Video Contradicts Sherry Hall’s Version of Events on Visitor to Clackamas County Elections Office

Blurred ballots and security cameras haunt the county clerk.

Sherry Hall said one thing, and the video shows another.

The election mess in Clackamas County deepened today when the county released security video of County Clerk Sherry Hall that appears to contradict what Hall has said about how an elections observer from U.S. Rep. Kurt Schrader’s campaign got into the county elections office before it opened.

Earlier this month, Schrader’s opponent, Jaime McLeod-Skinner, alleged to Oregon Secretary of State Shemia Fagan that the Clackamas County Elections Office violated state law by allowing a representative of Schrader’s campaign into the office an hour before admitting an observer from McLeod-Skinner’s.

A log sheet provided by the elections office in response to a records request from WW shows that a Schrader campaign representative signed in at 7:30 am Thursday, May 19. The office officially opened at 8:30 am, and a McLeod-Skinner observer signed in eight minutes later.

At a press conference the next day, Hall said she had no idea how someone could have gotten in before business hours on the 19th. It was possible that an employee badged in and someone followed, she said.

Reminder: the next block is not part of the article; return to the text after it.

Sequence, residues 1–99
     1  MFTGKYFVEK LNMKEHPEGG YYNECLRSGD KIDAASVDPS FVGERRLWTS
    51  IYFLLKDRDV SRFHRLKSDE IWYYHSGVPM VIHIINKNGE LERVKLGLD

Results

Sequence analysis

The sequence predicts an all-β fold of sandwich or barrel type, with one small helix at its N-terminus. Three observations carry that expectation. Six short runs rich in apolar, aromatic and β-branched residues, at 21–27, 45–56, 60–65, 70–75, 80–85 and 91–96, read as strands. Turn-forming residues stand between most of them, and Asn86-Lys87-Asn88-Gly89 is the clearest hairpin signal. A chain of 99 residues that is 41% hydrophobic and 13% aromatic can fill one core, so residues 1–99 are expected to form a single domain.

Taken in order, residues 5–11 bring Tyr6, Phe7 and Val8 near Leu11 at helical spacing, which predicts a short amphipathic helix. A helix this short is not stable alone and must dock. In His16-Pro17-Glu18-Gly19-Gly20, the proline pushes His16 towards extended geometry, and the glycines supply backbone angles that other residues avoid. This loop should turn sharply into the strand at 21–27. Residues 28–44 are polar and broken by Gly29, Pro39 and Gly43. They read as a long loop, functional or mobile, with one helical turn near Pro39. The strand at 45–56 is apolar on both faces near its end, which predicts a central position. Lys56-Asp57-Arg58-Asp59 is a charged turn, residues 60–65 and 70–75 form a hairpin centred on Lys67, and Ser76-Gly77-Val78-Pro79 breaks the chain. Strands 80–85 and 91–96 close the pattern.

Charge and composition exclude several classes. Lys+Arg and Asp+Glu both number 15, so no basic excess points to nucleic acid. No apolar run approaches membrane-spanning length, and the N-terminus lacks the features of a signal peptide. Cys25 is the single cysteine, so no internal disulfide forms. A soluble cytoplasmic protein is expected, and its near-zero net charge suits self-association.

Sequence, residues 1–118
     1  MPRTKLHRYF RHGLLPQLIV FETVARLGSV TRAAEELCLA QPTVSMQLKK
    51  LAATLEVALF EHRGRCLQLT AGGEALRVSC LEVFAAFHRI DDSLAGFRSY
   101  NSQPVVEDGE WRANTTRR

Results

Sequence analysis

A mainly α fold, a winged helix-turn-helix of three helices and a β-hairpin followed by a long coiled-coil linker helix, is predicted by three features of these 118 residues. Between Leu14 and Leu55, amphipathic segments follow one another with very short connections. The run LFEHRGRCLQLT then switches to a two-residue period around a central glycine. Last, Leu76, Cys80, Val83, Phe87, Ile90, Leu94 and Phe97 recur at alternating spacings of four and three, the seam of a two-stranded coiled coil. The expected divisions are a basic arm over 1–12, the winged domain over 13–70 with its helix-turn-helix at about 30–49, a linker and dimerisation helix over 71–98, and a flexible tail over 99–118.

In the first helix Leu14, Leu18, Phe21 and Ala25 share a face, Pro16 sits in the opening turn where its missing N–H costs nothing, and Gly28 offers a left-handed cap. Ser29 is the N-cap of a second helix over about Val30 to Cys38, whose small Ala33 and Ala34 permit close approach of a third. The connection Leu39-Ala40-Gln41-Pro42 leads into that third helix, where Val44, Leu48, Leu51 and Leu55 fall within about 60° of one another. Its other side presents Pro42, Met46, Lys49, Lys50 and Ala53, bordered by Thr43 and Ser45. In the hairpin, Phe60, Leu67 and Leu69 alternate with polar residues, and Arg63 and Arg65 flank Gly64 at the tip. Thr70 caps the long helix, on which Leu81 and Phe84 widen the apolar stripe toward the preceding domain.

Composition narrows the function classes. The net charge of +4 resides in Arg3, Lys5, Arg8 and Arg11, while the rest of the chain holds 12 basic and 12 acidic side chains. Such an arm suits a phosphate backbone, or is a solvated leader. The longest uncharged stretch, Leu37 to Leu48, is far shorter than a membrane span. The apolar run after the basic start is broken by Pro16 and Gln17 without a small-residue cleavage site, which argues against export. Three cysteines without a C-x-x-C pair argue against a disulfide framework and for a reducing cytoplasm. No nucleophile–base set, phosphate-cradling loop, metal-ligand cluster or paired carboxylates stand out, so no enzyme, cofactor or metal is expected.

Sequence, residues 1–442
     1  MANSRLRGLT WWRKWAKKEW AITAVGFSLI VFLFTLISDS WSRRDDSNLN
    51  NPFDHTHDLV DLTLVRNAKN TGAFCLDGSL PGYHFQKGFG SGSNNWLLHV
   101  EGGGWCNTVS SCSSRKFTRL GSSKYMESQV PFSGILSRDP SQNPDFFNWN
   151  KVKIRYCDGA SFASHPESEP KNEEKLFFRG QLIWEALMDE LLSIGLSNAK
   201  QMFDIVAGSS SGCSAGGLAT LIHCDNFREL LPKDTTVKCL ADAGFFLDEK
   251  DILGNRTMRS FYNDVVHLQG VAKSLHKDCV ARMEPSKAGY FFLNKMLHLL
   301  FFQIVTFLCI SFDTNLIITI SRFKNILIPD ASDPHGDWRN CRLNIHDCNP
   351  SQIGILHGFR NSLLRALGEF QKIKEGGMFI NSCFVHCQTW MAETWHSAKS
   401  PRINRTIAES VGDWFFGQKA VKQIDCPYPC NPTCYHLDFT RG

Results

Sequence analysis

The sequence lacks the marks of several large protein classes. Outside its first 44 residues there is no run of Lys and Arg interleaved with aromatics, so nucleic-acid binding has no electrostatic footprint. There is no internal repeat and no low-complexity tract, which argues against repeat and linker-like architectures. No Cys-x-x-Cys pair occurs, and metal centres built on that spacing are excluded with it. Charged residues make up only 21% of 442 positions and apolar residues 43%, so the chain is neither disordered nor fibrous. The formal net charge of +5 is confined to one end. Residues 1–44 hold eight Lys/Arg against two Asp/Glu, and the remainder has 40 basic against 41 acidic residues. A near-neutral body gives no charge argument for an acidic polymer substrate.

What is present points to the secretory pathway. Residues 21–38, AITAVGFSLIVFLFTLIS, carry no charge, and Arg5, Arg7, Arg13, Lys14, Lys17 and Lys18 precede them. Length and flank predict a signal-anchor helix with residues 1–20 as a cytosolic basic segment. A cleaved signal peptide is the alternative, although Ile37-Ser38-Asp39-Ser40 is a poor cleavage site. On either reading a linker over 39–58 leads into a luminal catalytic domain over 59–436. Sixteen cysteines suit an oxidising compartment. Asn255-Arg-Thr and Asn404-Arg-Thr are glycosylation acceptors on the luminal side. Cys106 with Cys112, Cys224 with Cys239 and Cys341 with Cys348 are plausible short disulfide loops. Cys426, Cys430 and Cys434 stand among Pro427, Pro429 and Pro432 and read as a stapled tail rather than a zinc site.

Today, the county released security video showing an elections worker, identified by the county as Tiffany Clark, walking toward the door to the elections building at 7:34 am. She turns to talk to a visitor, then goes into the building. The visitor walks a few yards and stands outside the building.

A minute later, a camera inside captures Clark walking into the room where workers count the votes. At 7:36 am, Clark walks back out of the counting room, with Hall, and into the observation area. Seconds later, the exterior camera picks up Clark letting the visitor into the building.

At the very least, the video shows that Hall was in the building when the visitor was admitted. At worst, it suggests that Clark consulted with Hall before letting the visitor in.

The incident raised the ire of Fagan, who was already exasperated by Hall’s performance. Fagan offered Hall help soon after the election, but Hall declined.

“It’s absolutely outrageous to stand in front of the public and say one thing and then have a video showing something very different,” Fagan said at a press conference today.

Fagan said state law prevents her from taking over a county election and that she is working with Hall to get the votes counted. The county must certify the election by June 13.

“The county clerk is the only person who can conduct this election,” Fagan said.

Kimberly Dinwiddie-Webb, a spokesoman for the clerk’s office, said Hall could not comment because of Fagan’s ongoing investigation into the elections complaint filed by McLeod-Skinner. “The clerk intends to fully cooperate with this investigation,” she said.

As of May 23, Clackamas County said it had counted 57,550 ballots out of 114,840 received.